Learn SQL: Non-Equi Joins in SQL Server

Non-Equi join in SQL Server sounds like something abstract (and fancy), but it’s not so abstract (and fancy) at all. The same stands for equi joins. After reading this article, I hope you’ll agree on that with me. Today’ I’ll try to explain what they are and when you should use them. So, let’s start.

Data Model

On this part, nothing has changed since the last article, so we’ll use the same model we’re using throughout this series.

Non-Equi Joins SQL Server - the data model

If you’re still not familiar with it, take some time to see how the tables are related to each other. We’ll use only two tables from this model city and country, and we’ll comment on the data later in this article while taking a look at few non-equi join SQL Server queries. If you need to refresh your knowledge related to primary and foreign keys, select statement, and inner and left joins, this would be the right time to do it.

Equi-Joins vs. Non-Equi Joins in SQL Server

You’ve used equi-joins so far, and you’ve probably never called them that way. The reason for that is that they are so common, and the whole idea of databases is related to joining tables in such a manner. So, what are equi-joins? Equi-joins are standard joins where you’ll use the equality operator (=) while joining tables. Calling such “standard” joins an equi-joins is just a fancy way to name it. This stands for joins where you join using FK, but also for joins where you compare attributes that are not part of a foreign key (this is rarely used). Let’s examine this on a few examples.

We’ll start with something very familiar. First, we’ll list the contents of tables city and country and then use the INNER JOIN to combine only cities and countries that are related (logically, but also with the FK value). We could have done the same using LEFT JOIN or RIGHT JOIN too.

You can see the result of these 3 queries in the picture below.

select statements

Everything is as usual and as expected. All cities were joined to the counties they belong to. This is due to the fact we’ve joined tables on FK and used the equality sign in the join condition. So, this is an equi-join.

Now we’ll do the same using the non-equi join in SQL Server. First, we’ll join all cities and countries where the city doesn’t belong to that country. To do that, we’ll use the <> operator (you could have used the != operator too).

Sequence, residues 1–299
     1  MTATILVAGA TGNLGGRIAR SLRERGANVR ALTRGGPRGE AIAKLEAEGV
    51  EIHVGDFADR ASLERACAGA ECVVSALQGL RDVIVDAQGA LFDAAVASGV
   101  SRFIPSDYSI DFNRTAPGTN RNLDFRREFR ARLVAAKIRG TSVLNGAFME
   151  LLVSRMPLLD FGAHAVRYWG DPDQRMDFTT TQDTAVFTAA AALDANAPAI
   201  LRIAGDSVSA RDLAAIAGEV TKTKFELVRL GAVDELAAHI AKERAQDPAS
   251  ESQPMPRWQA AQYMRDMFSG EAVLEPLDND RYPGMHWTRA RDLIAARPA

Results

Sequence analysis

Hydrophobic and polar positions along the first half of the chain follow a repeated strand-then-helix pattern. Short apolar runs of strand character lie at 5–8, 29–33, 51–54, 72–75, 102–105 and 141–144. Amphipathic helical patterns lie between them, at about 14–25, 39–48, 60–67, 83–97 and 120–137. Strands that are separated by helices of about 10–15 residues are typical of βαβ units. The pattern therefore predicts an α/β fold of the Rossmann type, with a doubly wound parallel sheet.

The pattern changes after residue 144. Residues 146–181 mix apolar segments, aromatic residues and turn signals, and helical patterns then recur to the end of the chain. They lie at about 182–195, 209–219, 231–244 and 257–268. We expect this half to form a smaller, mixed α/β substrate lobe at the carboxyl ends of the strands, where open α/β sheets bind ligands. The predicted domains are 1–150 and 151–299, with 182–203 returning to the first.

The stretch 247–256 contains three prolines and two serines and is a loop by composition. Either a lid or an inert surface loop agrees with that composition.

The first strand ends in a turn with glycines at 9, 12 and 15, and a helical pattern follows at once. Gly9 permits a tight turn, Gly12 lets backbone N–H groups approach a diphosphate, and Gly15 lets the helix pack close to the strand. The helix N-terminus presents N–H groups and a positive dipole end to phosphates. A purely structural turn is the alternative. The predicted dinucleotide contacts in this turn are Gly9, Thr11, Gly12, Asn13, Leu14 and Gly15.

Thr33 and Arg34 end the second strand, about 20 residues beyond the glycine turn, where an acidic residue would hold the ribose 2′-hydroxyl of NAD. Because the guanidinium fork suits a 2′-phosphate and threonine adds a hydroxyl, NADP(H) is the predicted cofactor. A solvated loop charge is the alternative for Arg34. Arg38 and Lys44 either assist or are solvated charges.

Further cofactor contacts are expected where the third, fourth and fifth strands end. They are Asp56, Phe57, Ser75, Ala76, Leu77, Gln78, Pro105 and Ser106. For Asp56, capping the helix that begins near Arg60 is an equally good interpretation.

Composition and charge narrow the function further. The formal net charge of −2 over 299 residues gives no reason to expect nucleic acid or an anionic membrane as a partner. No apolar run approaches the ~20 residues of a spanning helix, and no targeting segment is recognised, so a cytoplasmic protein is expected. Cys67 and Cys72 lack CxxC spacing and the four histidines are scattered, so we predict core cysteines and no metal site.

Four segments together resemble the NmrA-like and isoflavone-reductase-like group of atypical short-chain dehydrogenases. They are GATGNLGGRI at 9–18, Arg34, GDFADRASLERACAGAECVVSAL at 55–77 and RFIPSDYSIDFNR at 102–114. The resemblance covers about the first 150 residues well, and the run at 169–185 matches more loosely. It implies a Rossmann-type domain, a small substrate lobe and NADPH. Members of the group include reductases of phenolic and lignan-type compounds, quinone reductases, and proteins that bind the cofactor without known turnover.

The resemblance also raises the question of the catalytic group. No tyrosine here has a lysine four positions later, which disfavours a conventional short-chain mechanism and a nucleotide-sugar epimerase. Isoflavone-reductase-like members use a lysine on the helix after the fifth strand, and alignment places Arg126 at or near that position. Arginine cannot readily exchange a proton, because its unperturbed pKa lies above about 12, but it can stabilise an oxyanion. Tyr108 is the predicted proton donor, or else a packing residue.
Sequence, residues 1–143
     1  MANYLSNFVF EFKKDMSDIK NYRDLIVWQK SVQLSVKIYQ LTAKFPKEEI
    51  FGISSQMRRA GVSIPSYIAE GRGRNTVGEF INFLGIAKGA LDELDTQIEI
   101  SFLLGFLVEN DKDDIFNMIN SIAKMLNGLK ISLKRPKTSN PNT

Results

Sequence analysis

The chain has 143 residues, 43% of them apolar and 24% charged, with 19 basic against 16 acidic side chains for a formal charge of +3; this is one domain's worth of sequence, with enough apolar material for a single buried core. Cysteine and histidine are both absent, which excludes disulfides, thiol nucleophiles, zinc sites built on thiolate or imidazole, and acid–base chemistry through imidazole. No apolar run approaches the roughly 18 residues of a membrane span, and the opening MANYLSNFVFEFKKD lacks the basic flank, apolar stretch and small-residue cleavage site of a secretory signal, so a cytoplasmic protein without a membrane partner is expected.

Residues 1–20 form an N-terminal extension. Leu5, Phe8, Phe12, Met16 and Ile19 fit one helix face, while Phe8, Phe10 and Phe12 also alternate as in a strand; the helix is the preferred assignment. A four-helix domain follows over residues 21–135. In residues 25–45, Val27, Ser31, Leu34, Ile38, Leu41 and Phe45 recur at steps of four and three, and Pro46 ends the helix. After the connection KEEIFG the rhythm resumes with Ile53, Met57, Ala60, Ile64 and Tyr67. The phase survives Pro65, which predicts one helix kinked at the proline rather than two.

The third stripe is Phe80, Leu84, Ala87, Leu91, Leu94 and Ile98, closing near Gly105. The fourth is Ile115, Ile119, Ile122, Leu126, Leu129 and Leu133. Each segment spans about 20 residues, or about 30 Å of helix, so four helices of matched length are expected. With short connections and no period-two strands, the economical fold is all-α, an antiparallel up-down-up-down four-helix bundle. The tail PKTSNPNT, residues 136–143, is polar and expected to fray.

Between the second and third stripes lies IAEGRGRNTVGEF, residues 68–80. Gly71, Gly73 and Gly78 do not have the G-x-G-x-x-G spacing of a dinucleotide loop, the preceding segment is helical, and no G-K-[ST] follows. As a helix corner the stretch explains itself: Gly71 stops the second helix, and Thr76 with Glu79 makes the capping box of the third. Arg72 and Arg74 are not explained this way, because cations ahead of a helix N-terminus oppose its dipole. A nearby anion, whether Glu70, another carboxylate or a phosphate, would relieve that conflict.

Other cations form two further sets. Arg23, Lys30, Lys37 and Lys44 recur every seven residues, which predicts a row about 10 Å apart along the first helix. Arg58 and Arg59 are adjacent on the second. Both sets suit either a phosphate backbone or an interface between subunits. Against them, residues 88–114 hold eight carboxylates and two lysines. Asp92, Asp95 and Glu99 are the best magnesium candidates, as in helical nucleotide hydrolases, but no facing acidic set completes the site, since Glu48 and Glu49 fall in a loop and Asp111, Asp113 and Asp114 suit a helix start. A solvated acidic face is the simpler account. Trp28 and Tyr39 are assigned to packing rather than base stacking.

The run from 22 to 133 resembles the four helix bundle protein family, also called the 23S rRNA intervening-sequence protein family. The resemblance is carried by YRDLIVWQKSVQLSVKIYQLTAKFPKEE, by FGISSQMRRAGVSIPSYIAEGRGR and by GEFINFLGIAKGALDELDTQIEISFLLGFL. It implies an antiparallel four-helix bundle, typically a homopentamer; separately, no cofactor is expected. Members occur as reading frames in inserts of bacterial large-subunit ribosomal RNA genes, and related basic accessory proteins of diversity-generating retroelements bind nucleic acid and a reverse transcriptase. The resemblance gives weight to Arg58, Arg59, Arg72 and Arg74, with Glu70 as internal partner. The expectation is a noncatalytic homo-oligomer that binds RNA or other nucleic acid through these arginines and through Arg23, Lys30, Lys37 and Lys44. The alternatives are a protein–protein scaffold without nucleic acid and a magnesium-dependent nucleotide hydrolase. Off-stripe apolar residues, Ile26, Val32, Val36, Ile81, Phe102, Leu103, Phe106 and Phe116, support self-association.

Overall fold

joining two tables using <> operator”></p>
<p><noscript><img src=

— pairs of cities
SELECT c2.id, c2.city_name, c1.id, c1.city_name
FROM city c1
INNER JOIN city c2 ON c1.id <> c2.id;

Please note that this query is a SELF JOIN because we’ve used the city table twice (and joined it to itself). Also, notice that we’ve used alias names (c1 and c2) to distinguish these two table instances. Such cases are rare, and you’ll mostly use them when you want to create categories/pairs/ 2D matrix for any business reason.

The result is shown in the picture below.

joining two tables using <> operator”></p>
<p><noscript><img src=

— pairs of cities (only once)
SELECT c2.id, c2.city_name, c1.id, c1.city_name
FROM city c1
INNER JOIN city c2 ON c1.id > c2.id;

The query returns the following result.

joining two tables using > operator”></p>
<p><noscript><img src=foreign key. Joining tables in such manner is the point of databases, after all. In most cases, it’s not rational (correct, wise, use whatever word you want) to relate tables using values from logically unrelated attributes. Still, if you, for any reason, want (need) to do that, you can do it. We’ll examine that in one example now.

You can see the result in the picture below.

Non-Equi Joins SQL Server - example

We’ve joined cities and countries which have different PK value. Since PK value is automatically generated and therefore is unique to our database, this result set is not related to the real world in any way. While the output itself is nothing meaningful, it proves the point that we can use non-equi join in SQL Server also on different tables.

When to use Non-Equi Joins in SQL Server?

You’ll use them:

  • When someone tells you so 🙂 I know this doesn’t explain anything, and this is more like a self-fulfilling prophecy, but mostly, you’ll use them when someone wants to test if you know what they are (school, college, job interview, etc.). Of course, this stands for anything else related to databases (or programming)
  • When you need them, or they could ease your job a lot. OK, once more, this also stands for everything else, but for this bullet, we gave a few examples before. This mostly stands for generating categories and pairs combined with using self-join
  • We haven’t mentioned it here, but you could also check for duplicate data (similar to self-join), compute running totals (there is a much better way to do that than using non-equi joins in SQL Server), or match against a range of values


I hope that today’s article gave a brief but clear explanation of what non-equi joins in SQL Server are and when you should use them. They are rarely used, so when you decide to go with them, use them wisely. And stay tuned for upcoming articles.

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Emil Drkusic
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